Guided Trips

FISHING REPORT AND SYNOPSIS: 11/7/2019

Fall fishing is in full swing. The Clinch River has been fishing great if you want to hit a tailwater. The Smokies are fishing well most days but that could change soon. Forecast low temperatures by the middle of next week are in the mid teens!

The Smokies are up and down based on rain and cold fronts. When its on this can be some of the best fishing of the year. Fish will feed heavily as we approach the lean cold months of winter. Orange Elk Hair Caddis are catching fish as well as Pheasant Tail nymphs, Prince Nymphs, and some other things like caddis pupa patterns. Don't forget to have your Blue-winged Olive patterns this time of year.

On tailwaters like the Clinch, brown trout and some fall spawn rainbows are doing their thing. This is a good time to review good ethics when it comes to spawning trout. Remember that these are the next generation of trout and the best thing you can do is to leave them alone. Avoid wading through spawning areas and don't fish for obvious spawners.

The Caney is still not fishing well. This should change soon as we generally start to see some opportunity for streamer fishing in December and continuing through the winter. Next spring should bring good fishing again.

Photo of the Month: Fiery Flanks and Fins

Photo of the Month: Fiery Flanks and Fins

Friday, January 11, 2013

Someone Is Fishing

Today I was glad to see that someone is getting out on the water.  Ian and Charity Rutter are apparently fully enjoying the more relaxed winter season and took a break from guiding by getting some fishing in for themselves.  The highlight of the trip was a beautiful brown caught on a.............drumroll........dry fly!!!  Yep, browns on dries in January.  It doesn't get much better than that...  With any luck I'll get out in another week or so but in the short term, my prospects look bleak.  At least I can enjoy reading about others' trips!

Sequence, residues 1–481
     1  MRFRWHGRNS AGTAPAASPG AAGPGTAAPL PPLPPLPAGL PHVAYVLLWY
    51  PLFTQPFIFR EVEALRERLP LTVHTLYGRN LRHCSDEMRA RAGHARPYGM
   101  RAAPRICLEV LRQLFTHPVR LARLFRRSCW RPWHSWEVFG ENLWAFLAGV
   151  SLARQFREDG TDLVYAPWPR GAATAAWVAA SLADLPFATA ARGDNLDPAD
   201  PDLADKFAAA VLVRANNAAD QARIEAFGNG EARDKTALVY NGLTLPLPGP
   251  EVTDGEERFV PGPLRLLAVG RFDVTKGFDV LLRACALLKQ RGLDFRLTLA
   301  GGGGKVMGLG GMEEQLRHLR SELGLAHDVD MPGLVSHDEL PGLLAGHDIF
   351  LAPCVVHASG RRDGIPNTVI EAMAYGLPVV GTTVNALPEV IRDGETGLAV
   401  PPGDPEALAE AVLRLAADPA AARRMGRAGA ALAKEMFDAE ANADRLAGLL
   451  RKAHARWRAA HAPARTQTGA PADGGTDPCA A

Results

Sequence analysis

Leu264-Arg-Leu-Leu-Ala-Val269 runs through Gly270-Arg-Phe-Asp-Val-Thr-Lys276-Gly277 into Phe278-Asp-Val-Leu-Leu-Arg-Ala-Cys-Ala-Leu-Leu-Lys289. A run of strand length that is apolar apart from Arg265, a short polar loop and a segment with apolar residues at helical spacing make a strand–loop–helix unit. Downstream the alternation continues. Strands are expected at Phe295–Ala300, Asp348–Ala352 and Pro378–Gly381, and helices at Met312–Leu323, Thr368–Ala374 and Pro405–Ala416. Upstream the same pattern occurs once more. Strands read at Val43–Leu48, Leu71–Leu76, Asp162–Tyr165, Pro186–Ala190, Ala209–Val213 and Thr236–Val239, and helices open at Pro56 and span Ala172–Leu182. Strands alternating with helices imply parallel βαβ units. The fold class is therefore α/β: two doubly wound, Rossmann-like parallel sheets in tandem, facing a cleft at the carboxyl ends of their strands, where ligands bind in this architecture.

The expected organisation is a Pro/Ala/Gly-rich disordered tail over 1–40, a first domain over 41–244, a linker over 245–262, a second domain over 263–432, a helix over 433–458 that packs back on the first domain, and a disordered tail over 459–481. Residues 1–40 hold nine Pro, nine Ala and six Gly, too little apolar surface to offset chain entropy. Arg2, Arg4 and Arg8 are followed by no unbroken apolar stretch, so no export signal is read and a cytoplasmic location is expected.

6 comments:

  1. Beautiful photo. I don't think you're going to find any fish on a dry around here.

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    Replies
    1. Howard, now you've just motivated me to find some fish on dries. I need to figure out a way to melt the ice off of Boulder Creek first though...

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  2. Replies
    1. Kevin, I believe it was on a Thunderhead.

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  3. Anonymous10:10 PM

    Thanks for sharing another fishing story, Dave. Even though it wasn't you or I doing the fishing still nice to see others enjoying their time on the water. What is a Thunderhead?

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  4. Mel, a Thunderhead is a dry fly that originated in the Smoky Mountains of North Carolina and is very popular in TN and NC. Its basically a heavily hackled Adams that uses a white calf tail wing in place of the hackle tips so it floats better in the heavy pocket water of the mountain streams. Definitely an awesome pattern!!!

    ReplyDelete

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